Git is a source code repository system. You can create git repositories for directories in your local filesystem. Generally, if you have multiple software development projects or things like that, you would create a git repository for each project and commit changes to the repository periodically to maintain a change history and rollback/recovery mechanism for that project.
Git repositories can be linked to other git repositories, effectively mirroring them. This is useful because you can push your local repository changes to the remote repository and - we hope! that the remote repository will be backed up on a regular basis. That way if your local hard drive fails, you can pull copies from the remote repository.
Another thing that you can do is share the remote repository with others if you are doing a joint project or want to pass a project on to a new maintainer. Git also has a branching mechanism where people can share a repo, but make changes to a branch of the project and only merge those changes into the main project if/when the branch is considered production-worthy. Unlike older repository systems, you don't have to "check out" files to change them, and therefore the repository doesn't need an administrator to resolve problems when something gets checked out and someone else needs it. Like the Subversion repository system, git changes commit atomically - all changes in the commit will be accepted or none will, which eliminates a problem that older repository systems often had where a commit would fail halfway through with some changes accepted and other changes lost.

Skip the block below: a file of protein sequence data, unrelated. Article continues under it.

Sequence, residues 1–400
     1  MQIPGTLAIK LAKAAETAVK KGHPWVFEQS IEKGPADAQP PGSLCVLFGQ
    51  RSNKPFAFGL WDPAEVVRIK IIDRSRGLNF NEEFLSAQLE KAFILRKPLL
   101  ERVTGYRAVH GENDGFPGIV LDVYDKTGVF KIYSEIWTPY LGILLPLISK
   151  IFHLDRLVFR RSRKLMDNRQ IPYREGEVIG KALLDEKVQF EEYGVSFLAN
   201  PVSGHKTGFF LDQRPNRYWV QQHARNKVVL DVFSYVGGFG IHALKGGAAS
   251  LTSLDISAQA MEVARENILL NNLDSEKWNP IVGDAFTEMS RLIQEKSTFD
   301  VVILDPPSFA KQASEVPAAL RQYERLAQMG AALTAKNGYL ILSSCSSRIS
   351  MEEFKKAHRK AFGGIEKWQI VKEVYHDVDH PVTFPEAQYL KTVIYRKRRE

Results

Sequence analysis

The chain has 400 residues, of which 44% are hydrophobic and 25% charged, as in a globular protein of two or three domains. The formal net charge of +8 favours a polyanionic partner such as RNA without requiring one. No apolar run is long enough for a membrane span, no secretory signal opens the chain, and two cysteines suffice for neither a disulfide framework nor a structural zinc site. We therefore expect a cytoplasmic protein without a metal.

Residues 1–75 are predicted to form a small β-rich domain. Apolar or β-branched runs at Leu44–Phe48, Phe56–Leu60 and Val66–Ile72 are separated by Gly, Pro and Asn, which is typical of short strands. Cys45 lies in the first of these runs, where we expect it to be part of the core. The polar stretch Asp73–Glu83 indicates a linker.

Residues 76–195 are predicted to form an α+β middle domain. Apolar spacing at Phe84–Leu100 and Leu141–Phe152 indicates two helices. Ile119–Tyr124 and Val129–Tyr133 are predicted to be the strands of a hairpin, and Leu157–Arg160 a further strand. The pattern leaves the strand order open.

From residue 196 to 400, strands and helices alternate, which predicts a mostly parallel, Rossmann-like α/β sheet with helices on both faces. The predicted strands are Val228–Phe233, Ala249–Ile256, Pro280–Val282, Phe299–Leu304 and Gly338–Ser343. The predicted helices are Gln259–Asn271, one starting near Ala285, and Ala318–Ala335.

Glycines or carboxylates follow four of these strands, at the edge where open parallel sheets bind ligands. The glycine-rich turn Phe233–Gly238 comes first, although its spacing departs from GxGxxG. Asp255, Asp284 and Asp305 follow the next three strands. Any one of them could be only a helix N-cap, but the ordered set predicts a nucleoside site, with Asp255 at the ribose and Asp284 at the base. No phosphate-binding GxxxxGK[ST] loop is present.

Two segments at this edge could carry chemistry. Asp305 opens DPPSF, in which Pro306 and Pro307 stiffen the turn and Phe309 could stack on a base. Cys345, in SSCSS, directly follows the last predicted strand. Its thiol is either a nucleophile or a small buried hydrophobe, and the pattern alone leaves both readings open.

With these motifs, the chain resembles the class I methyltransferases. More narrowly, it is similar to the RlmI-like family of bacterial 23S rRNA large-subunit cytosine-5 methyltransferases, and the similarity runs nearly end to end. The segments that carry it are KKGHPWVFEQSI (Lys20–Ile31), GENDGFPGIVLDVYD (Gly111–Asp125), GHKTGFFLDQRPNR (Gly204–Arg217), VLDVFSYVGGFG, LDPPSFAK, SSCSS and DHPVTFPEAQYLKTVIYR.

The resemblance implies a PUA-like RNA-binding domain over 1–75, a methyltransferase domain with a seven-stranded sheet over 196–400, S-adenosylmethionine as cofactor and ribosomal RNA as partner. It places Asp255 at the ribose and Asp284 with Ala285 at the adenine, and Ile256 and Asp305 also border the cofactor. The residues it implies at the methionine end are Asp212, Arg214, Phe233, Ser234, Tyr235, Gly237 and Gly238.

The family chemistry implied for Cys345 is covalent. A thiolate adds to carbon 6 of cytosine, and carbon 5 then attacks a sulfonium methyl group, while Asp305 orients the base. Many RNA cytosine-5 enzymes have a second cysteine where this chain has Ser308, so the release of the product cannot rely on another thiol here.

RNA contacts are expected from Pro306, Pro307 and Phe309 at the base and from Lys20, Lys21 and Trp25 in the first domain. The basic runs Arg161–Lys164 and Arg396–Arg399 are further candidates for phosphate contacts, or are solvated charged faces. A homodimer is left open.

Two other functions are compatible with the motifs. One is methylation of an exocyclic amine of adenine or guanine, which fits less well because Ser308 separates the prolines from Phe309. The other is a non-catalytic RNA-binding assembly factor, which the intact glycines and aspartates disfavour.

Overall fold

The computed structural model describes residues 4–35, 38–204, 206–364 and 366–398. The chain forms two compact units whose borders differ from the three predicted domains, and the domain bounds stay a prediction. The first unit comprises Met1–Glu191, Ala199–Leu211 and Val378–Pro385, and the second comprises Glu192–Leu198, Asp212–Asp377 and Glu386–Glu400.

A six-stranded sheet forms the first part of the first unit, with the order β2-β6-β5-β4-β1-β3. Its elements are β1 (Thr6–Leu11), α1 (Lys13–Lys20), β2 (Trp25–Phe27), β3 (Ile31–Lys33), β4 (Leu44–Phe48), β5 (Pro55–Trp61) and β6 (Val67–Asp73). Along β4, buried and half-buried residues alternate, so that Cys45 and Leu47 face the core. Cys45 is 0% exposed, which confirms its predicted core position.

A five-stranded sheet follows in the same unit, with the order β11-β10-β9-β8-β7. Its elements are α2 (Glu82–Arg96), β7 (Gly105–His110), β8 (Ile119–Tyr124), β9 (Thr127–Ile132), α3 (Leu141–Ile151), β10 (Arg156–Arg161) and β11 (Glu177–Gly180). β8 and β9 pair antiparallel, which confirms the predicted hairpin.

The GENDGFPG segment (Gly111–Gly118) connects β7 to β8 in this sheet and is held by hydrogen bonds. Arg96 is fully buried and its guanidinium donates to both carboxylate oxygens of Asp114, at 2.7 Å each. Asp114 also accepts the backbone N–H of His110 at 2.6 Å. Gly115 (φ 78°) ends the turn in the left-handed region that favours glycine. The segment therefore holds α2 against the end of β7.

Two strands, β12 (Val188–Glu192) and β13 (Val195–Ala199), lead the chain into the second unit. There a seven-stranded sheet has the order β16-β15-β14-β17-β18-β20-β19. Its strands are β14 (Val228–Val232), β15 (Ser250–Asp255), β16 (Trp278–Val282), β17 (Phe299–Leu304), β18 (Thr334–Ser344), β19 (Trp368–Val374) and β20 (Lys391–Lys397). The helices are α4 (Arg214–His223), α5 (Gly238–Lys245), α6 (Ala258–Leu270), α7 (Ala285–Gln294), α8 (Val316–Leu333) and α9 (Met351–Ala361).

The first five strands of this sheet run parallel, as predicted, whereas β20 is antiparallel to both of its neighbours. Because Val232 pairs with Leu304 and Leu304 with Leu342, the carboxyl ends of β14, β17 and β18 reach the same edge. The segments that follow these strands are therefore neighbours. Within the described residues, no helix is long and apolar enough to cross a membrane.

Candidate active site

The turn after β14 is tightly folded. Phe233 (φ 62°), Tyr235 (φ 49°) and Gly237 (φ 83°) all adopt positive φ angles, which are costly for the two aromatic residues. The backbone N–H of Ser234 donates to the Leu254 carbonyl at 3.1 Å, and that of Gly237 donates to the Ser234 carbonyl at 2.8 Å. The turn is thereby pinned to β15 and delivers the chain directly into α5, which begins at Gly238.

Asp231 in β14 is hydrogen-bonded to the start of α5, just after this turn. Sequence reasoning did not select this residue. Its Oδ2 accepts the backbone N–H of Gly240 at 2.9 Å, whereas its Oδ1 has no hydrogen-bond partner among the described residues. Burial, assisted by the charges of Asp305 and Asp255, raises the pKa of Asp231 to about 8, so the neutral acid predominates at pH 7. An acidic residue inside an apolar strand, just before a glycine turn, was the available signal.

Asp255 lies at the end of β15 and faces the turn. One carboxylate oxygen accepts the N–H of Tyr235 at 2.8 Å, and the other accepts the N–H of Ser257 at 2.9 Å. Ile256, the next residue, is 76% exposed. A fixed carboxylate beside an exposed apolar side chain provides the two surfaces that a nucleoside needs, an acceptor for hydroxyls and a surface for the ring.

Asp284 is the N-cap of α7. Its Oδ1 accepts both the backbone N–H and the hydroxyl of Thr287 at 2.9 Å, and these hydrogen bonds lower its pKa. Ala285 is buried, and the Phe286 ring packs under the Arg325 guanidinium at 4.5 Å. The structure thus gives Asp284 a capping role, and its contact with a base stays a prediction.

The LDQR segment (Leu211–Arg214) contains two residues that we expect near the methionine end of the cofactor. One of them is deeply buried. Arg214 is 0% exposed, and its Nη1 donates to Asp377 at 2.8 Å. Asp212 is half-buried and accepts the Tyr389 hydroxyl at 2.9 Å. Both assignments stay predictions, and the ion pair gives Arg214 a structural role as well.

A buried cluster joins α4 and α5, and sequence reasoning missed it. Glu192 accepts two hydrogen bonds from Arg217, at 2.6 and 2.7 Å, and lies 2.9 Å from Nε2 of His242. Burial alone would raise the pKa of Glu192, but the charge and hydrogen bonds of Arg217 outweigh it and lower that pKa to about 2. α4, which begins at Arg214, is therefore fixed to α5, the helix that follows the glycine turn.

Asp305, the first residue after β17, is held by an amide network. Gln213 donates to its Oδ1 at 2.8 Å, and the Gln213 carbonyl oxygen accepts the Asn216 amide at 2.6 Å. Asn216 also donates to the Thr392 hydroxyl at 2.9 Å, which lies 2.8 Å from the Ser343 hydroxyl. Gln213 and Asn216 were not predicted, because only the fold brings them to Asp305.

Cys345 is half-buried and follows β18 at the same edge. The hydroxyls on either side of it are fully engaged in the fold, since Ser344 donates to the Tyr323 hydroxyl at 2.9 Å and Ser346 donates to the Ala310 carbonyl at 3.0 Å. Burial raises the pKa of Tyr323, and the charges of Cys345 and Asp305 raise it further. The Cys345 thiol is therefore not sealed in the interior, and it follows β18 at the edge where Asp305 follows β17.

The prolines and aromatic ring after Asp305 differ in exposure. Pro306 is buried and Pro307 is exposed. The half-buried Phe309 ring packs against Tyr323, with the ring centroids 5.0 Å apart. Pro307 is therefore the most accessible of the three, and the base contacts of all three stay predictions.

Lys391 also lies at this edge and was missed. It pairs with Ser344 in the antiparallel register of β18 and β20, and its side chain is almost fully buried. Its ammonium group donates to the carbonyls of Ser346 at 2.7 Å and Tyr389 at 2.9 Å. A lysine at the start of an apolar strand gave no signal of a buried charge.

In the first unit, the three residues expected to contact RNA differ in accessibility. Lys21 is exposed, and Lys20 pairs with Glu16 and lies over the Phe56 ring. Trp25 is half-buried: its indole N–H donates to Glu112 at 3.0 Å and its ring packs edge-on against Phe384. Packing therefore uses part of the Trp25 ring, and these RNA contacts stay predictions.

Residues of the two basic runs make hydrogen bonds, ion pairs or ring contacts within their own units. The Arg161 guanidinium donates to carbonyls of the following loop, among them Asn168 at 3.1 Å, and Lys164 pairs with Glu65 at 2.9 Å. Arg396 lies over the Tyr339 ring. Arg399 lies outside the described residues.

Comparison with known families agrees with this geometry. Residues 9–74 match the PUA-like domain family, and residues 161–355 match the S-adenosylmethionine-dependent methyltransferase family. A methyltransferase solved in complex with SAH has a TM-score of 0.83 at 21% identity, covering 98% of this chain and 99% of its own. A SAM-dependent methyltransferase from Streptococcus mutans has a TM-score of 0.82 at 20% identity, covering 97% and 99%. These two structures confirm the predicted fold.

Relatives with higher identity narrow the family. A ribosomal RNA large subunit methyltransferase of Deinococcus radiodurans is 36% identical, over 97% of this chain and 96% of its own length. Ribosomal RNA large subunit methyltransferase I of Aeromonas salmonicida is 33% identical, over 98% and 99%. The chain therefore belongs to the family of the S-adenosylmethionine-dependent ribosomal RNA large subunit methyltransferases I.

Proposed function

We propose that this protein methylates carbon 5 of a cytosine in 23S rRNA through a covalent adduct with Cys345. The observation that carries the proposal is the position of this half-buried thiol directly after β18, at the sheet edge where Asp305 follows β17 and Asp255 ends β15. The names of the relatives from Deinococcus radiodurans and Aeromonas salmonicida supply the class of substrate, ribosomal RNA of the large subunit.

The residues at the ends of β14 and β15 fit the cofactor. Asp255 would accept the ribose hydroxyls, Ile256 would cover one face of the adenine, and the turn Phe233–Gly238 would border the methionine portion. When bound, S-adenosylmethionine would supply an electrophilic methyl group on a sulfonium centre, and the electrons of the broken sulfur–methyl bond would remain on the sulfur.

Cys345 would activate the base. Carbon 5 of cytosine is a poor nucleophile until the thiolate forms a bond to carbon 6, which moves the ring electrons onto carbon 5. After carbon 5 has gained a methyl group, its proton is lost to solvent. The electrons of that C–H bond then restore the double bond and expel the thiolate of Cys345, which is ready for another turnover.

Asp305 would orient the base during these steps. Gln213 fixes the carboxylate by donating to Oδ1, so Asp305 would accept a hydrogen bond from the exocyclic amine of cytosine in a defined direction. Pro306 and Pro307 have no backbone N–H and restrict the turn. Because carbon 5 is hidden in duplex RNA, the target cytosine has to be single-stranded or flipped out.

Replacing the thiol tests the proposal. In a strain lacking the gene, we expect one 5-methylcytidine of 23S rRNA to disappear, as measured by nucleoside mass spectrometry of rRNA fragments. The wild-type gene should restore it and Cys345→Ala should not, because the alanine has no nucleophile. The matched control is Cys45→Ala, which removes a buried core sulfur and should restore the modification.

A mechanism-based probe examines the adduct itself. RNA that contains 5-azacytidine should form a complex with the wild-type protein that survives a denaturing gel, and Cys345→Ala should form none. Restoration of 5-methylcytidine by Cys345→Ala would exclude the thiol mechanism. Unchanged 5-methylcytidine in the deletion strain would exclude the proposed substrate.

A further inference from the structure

Git also is convenient in that since you are operating first on a local copy of the repository, you can commit changes even if you have no Internet access. Say, if your name is Linus Torvalds and you've gone on a road trip but you want to make a few improvements to Linux before you get back.
GitHub is a web application. It acts as a web-based container for remote git repositories, and it allows organizing collections of repositories unto groups with individual owners. The webapp allows online browsing of the projects and it will display markdown-formatted files with the formatting applied. In particular, if you add a README.md to the root of your git rep, it will display on the project's home page.
GitHub also allows making selected projects public - visible to anyone, not just authorized users of the project. In this capacity it has become pretty much the de facto standard home for open-source projects these days. There are other amenities to help in development and support of software projects as well.
While GitHub is the "Amazon.com" of online source code repos, there are others, and in fact there is GitHub-like software that you can host yourself. I have one such server based on the gogs server application, which I host from a Docker container on a local server.
When it comes to destroying a civilization, gas chambers cannot hold a candle to echo chambers.